“We are Americans, too” is a phrase that I have heard many Mexicans defiantly say; and they are absolutely right.
Before I came to Mexico I always thought that the term “I’m an American” was synonymous with somebody who is a citizen of the United States of America. And that is true to an extent as well. It is a term that was adopted by Europeans who had settled in what is now called the U.S.A. to differentiate themselves from Europe. And this concept has successfully been reproduced and reinforced around the world through various forms of popular culture.
However, what I totally disregarded until I came here was that as well as being a country, America is also a continent, regardless of how it is divided up into and labelled as (and how this is done would depend on the ideas that you have been socialised into). So whether a country is located in North America, South America or Central America (which is not considered a separate continent), people who live in countries that are on the American continent are Americans. Just as I am British, but I’m also European (although not many people in Britain would like to admit that), or somebody from Nigeria is African, or a Chinese person is also Asian (or East Asian).
“The U.S. doesn’t even have a proper name,” an influential Mexican told my friends and I in a bar one afternoon. “It’s called the United States of America. It’s simply named after the continent; its name is not very imaginative.” I’d never thought about it like that before until he said that. To be fair though, although the word ‘Mexico’ can be traced back to the Aztecs, Mexico’s official name, United Mexican States, was inspired by the American independence movement and the fact that the country’s territory was also made up of a union of states. But I digress.
As I’ve already mentioned, depending on where you live in the world, you may be taught about the various continents around the world differently. For example, in the UK we are taught that there are seven continents in the world: Africa, Europe, Asia, North America, South America, Australia and Antarctica. Whereas I found out from my discussions with some Mexicans that they are taught that there are six continents in the world; America is not split into two, and the other continent is Oceania, not Australia. Or a few Mexicans would proudly proclaim that they are North Americans. And I admit, I wrongly associated Mexico with Central America instead of North America because its culture was ‘different’. And I’m not the only one to think like that. Speaking to other Europeans they had the same idea as me or a couple even thought that Mexico was part of South America. Even the United Nations geoscheme apparently officially classifies Mexico as Central America, and some geographers include some Mexican states as being part of Central America.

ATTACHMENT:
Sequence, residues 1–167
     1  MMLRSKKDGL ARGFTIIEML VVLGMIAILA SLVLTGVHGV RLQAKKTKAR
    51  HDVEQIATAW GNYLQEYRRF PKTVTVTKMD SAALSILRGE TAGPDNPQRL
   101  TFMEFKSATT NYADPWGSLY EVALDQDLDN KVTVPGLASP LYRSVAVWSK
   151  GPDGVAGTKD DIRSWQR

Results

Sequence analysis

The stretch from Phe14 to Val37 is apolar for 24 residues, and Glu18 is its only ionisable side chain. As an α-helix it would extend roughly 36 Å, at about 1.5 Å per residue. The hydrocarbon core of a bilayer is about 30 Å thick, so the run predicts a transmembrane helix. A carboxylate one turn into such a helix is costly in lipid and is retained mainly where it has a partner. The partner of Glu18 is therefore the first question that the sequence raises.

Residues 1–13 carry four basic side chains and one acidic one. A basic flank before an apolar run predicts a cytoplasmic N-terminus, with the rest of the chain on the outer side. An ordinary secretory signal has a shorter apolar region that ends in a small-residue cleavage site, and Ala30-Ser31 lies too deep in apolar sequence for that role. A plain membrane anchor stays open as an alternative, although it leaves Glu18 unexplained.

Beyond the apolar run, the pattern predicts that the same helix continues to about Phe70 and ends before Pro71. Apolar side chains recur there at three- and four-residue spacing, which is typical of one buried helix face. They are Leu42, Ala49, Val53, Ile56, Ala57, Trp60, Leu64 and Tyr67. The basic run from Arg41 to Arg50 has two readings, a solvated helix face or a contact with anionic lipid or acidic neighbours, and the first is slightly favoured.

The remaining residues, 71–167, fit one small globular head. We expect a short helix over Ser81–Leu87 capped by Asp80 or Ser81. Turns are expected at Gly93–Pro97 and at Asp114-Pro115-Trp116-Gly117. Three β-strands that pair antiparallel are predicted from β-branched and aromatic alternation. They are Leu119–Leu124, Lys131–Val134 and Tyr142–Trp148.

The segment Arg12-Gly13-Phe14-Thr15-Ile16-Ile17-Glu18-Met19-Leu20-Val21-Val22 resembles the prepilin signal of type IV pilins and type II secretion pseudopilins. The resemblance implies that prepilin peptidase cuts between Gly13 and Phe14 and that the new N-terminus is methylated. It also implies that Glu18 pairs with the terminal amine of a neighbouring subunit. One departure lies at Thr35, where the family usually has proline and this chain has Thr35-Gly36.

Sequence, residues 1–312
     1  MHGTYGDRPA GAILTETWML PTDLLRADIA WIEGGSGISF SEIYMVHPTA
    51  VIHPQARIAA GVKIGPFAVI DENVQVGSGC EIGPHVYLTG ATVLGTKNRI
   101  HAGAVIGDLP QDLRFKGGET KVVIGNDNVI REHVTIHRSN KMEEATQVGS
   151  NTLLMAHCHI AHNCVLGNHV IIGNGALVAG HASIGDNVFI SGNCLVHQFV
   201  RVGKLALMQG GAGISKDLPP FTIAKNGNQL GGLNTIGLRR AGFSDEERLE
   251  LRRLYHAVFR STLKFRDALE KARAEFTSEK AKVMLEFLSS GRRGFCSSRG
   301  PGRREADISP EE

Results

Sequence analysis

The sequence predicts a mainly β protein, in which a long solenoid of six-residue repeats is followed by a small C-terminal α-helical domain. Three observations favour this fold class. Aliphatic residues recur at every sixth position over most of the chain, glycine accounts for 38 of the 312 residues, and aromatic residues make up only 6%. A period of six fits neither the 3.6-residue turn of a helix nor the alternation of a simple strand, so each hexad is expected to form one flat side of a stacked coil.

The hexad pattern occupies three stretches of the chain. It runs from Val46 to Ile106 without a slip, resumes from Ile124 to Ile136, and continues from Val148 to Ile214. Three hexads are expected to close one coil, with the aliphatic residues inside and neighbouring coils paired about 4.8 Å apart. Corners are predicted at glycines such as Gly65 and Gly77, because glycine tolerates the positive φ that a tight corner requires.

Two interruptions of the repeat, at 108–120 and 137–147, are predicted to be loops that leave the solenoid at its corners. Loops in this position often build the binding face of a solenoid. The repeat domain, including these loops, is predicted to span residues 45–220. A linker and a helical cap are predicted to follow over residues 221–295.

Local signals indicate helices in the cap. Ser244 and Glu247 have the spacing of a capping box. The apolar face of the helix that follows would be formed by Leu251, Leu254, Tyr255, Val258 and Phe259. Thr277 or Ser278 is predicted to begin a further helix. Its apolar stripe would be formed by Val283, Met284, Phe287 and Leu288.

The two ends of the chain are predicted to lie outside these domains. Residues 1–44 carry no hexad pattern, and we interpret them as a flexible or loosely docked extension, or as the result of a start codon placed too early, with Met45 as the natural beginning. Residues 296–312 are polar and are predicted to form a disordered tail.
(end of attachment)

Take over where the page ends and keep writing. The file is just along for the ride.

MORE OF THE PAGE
This whole debate surrounding one’s identity is merely political. As well as categorising and distinguishing one group from another, it serves to divide. Terms such as ‘Americans’ (white/European decent), Latin Americans, Afro-Americans, etc., just create a sense of ‘otherness’; it separates ‘us’ from ‘them’. I’ve seen heated debates online of U.S. citizens fiercely defending their right to be called Americans, while I have also seen aggressive arguments from the other side as well.
Nevertheless, while I’ve been in Mexico, I’ve quickly learnt to adapt to this ‘new way of thinking’ for myself.
“I’ve never been to America before,” I once said.
“But you’re in America now,” replied a friend. Doh!
So now I correct myself and I try my best to refer to the U.S. if I’m talking about USA territory. However, saying U.S. citizen all the time is rather long-winded. I’ve seen some alternatives offered online, such as Usonian or United-Statesian, but they seem very odd. And just as you call people from United Mexican States (Mexico), Mexicans, I think it makes sense to call people from the U.S. Americans as it’s a shorter form of its official name. As already stated, it’s a country and a continent, so problems arise when the term is used as a tool for exclusion.